Failures and Mistakes: Images of collaboration in postwar Dutch society

Research output: Chapter in Book/Report/Conference proceedingChapterAcademicpeer-review


In Onderdrukking en verzet (Repression and Resistance), the first comprehensive history of World War II in the Netherlands, Henk van Randwijk discussed the distinction between goed and fout, right and wrong. According to van Randwijk, who was editor of the underground newspaper Vrij Nederland, this was a distinction used extensively during the war to differentiate between those “one could trust and with whom one could share the secrets of underground and open resistance” and those “about whom one could not say this with 100 percent certainty.” While acknowledging that it was a very crude distinction of limited use, Van Randwijk claimed it was necessary in times when “even minimal knowledge in the hands of the wrong people might have had the worst consequences.” However, applying it after the war had ended would lead to “grave injustice. … to wit, when the danger had passed, there was room for more subtle distinctions. From then on, it was no longer a matter of self-protection but of a sense of justice.” Quoting the last minister of the interior of the Dutch government-in-exile

in London, Jaap Burger, Van Randwijk stressed the difference between fout, as a matter of ideological conviction, and fouten begaan, making mistakes, due to a flawed judgment of the situation. The latter was very often the case, according to van Randwijk, since mentally the Netherlands was completely unprepared for the war. Although the nature of the Nazi regime was clear to anyone prepared to look across the eastern border, in the first years of the occupation many had hoped to negotiate a fair deal with the Germans, thus preserving at least part of the nation’s pride and independence. Only a few understood immediately the true nature of Nazi Germany and acted accordingly.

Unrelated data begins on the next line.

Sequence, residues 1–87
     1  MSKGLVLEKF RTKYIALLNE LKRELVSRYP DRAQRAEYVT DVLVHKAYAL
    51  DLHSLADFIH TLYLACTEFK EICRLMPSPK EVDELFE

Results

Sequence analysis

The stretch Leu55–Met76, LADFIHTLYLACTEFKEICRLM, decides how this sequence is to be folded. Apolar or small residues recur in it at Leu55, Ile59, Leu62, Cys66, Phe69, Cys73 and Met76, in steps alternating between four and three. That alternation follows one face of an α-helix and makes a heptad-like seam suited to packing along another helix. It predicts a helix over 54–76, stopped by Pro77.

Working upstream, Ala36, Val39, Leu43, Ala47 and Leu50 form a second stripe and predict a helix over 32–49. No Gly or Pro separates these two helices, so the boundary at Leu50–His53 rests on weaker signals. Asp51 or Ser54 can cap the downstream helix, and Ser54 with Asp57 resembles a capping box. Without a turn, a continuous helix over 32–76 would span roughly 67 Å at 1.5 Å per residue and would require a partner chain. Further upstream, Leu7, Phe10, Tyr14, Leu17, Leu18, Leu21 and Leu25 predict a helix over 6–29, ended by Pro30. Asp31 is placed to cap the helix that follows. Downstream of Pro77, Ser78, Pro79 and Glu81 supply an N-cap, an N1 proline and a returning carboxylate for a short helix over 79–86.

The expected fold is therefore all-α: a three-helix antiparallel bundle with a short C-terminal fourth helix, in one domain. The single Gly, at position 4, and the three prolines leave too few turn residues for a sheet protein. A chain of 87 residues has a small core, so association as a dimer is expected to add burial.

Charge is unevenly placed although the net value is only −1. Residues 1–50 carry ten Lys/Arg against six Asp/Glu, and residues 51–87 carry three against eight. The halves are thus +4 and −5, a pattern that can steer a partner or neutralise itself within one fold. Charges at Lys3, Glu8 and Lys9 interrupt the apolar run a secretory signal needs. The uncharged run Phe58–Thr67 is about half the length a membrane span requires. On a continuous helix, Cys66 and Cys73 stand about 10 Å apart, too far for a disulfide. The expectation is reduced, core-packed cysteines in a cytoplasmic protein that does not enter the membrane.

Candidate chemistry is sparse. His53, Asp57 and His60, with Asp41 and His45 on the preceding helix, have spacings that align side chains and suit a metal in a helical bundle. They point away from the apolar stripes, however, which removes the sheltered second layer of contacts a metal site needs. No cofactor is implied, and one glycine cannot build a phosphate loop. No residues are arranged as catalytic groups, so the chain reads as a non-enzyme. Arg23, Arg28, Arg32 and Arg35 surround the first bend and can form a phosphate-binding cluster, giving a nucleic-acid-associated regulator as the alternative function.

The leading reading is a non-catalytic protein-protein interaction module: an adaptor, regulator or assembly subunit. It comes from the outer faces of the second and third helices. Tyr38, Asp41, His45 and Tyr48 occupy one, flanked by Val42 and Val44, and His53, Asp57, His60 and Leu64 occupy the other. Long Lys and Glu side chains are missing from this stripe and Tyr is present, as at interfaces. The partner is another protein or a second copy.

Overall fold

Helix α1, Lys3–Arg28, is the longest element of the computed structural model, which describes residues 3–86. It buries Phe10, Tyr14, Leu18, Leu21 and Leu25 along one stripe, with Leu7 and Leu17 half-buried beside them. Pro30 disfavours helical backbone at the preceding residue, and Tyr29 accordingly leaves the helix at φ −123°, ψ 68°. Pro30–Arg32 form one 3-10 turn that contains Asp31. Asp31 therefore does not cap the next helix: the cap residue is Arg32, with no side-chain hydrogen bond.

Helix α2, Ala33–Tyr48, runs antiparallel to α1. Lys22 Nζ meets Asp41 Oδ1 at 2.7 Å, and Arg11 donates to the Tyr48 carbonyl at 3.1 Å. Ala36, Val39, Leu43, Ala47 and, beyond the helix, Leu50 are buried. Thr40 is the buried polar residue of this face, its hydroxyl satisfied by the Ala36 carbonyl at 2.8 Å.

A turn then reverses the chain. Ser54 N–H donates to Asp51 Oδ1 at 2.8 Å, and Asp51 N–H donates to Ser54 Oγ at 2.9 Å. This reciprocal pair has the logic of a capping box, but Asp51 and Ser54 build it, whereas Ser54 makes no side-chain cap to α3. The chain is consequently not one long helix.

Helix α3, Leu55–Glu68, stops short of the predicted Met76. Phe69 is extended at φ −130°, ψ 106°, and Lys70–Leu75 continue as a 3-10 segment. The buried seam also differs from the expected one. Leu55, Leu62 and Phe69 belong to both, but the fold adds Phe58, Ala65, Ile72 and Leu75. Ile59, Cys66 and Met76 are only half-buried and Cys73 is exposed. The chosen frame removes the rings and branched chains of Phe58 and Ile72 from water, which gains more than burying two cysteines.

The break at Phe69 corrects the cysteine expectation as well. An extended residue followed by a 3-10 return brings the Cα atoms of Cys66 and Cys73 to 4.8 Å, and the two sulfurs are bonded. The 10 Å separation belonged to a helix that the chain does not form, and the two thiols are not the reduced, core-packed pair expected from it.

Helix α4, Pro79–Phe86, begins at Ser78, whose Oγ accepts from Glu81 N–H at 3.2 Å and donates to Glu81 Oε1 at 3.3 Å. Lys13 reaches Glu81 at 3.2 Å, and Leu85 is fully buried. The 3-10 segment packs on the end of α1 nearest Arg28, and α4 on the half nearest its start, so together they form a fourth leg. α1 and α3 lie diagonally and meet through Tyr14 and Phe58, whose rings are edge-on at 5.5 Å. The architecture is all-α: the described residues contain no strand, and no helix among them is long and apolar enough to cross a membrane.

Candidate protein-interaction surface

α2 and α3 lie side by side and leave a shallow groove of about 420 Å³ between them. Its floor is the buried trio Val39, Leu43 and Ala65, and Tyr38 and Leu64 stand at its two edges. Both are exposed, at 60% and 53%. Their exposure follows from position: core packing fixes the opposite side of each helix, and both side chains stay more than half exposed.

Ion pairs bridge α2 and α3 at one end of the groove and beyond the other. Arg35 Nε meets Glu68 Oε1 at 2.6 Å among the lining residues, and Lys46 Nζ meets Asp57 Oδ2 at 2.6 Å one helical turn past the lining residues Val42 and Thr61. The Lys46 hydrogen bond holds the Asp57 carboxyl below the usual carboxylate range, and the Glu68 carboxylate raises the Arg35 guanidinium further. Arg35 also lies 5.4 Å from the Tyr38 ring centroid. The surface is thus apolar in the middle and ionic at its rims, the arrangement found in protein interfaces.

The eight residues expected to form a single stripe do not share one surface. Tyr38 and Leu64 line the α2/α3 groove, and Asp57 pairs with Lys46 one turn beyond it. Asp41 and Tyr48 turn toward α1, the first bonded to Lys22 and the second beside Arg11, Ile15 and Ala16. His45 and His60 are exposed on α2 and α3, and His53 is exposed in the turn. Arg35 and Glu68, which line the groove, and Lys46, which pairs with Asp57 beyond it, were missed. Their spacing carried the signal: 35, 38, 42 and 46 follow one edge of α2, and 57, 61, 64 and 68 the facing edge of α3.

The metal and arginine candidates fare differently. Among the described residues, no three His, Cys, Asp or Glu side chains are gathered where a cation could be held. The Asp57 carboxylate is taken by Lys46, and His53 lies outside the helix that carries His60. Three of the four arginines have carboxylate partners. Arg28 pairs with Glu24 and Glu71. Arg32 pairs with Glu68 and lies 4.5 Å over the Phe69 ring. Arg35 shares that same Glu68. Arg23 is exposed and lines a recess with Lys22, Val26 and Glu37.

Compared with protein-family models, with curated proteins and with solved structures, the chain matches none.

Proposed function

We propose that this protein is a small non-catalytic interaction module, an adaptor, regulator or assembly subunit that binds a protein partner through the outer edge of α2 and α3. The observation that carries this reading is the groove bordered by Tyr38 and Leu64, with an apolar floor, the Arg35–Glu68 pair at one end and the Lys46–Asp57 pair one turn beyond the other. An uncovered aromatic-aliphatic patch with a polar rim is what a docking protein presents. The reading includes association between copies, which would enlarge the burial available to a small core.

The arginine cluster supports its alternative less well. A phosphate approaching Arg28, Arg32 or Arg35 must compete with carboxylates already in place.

Original languageEnglish
Title of host publicationCollaboration with the Nazis
Subtitle of host publicationPublic Discourse after the Holocaust
EditorsR Stauber
Place of PublicationLondon /New York
Number of pages20
ISBN (Electronic)9780203851715
Publication statusPublished - 2010


  • Specialized histories (international relations, law)
  • Literary theory, analysis and criticism
  • Culturele activiteiten
  • Overig maatschappelijk onderzoek


Dive into the research topics of 'Failures and Mistakes: Images of collaboration in postwar Dutch society'. Together they form a unique fingerprint.

Cite this